Professor James D. Whitfield, Dartmouth College
Wednesday, January 20, 3:00 PM (Pacific Time)
The Hartree-Fock problem provides the conceptual and mathematical underpinning of a large portion of quantum chemistry. As efforts in quantum technology aim to enhance computational chemistry algorithms, the fundamental Hartree-Fock problem is a natural target. While quantum computers and quantum simulation offer many prospects for the future of modern chemistry, the Hartree-Fock problem is not a likely candidate. Whitfield highlights this fact from a number of perspectives including computational complexity, practical examples, and the full characterization of the energy landscapes for simple systems.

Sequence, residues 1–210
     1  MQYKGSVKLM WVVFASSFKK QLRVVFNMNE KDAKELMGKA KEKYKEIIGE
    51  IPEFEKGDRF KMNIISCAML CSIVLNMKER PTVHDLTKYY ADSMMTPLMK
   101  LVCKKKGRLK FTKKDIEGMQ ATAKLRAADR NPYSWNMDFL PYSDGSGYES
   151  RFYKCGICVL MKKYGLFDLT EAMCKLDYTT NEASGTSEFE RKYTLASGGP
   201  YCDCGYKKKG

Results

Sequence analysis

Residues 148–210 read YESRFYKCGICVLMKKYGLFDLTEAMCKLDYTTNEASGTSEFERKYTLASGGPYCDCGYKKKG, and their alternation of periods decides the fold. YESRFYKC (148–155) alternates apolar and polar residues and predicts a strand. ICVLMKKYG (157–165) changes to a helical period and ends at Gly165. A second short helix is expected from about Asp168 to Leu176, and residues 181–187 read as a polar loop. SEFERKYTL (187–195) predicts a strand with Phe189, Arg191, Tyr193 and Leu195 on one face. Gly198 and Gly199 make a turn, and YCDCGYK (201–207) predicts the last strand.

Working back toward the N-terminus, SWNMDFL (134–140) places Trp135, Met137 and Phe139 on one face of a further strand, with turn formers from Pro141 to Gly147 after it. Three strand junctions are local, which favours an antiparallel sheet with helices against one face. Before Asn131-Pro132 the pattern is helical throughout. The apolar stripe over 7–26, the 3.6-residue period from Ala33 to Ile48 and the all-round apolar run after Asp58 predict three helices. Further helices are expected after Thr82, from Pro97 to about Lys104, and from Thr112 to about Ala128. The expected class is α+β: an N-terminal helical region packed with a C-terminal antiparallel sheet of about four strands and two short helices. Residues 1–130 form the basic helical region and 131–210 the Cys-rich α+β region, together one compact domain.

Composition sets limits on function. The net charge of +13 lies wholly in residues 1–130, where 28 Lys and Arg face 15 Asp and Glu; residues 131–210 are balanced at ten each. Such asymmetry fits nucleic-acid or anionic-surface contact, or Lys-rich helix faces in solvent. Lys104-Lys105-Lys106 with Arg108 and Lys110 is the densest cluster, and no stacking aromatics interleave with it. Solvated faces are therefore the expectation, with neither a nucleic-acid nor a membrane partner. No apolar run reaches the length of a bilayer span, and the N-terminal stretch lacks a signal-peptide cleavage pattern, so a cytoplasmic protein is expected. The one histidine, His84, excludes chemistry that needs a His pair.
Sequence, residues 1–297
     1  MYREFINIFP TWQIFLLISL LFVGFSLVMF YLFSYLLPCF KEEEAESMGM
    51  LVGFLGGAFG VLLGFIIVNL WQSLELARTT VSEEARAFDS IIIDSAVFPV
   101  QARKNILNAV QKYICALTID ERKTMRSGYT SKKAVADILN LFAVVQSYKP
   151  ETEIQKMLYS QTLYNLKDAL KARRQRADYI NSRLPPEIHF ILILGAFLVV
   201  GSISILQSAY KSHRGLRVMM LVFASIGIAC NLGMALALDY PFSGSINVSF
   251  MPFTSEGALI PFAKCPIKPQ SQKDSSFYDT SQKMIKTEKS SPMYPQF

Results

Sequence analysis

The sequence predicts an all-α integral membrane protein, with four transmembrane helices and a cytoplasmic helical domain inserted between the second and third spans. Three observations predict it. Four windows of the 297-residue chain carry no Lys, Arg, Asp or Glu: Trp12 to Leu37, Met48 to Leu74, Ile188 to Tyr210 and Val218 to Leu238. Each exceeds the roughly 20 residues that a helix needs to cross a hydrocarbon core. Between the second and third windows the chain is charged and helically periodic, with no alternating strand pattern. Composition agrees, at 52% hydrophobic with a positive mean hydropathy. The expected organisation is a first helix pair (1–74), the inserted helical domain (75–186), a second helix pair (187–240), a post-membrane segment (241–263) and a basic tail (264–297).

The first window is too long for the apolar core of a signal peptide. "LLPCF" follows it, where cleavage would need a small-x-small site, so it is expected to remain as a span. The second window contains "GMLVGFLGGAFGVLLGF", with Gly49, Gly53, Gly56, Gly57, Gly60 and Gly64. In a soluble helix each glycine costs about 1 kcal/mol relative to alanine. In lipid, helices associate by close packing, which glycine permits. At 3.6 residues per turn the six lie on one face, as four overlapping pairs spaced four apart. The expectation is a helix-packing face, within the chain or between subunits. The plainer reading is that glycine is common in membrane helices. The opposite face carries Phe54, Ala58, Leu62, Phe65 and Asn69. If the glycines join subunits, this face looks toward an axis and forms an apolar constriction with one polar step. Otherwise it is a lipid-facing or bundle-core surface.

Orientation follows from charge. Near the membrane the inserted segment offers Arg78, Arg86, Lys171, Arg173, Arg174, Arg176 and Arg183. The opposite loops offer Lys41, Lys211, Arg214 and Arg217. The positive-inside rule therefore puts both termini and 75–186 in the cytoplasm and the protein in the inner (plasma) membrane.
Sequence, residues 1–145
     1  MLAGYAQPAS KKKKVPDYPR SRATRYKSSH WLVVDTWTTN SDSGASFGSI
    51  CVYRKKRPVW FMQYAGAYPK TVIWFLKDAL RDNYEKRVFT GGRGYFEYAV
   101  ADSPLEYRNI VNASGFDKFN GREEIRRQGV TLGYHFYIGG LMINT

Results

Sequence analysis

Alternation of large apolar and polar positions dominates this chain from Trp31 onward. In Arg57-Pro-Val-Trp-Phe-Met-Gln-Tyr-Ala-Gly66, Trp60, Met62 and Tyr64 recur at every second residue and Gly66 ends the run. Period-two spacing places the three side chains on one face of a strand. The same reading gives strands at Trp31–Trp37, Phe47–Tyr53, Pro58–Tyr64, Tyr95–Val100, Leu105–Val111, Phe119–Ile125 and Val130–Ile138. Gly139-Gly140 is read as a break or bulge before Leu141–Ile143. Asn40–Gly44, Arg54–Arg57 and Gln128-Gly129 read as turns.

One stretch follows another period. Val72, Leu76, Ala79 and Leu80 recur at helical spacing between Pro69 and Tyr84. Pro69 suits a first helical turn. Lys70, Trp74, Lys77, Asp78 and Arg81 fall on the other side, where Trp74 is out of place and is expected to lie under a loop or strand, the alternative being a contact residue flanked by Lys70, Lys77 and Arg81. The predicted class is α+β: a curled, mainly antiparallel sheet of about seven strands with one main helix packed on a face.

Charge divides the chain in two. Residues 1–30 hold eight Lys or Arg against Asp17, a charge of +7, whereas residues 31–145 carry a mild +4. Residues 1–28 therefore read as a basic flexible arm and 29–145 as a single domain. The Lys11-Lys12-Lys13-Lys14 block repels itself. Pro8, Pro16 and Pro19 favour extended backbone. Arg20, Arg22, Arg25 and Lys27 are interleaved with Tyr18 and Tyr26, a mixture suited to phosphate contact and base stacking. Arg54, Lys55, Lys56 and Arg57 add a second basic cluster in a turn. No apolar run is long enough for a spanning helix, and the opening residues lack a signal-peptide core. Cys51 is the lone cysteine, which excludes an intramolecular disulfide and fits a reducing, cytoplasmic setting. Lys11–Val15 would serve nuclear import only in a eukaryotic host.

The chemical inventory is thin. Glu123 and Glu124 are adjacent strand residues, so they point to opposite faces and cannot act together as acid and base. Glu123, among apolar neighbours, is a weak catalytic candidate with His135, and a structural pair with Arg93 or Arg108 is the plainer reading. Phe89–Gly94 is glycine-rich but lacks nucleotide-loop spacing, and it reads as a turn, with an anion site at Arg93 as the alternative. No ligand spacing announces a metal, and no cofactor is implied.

James D. Whitfield is a Professor of Physics at Dartmouth College, and a pioneer in the application of quantum computing to quantum chemistry problems. He received a Ph.D. in Chemical Physics from Harvard University. He serves on the scientific advisory board of Zapata, and he is a co-founder and chief scientific advisor at qBraid.
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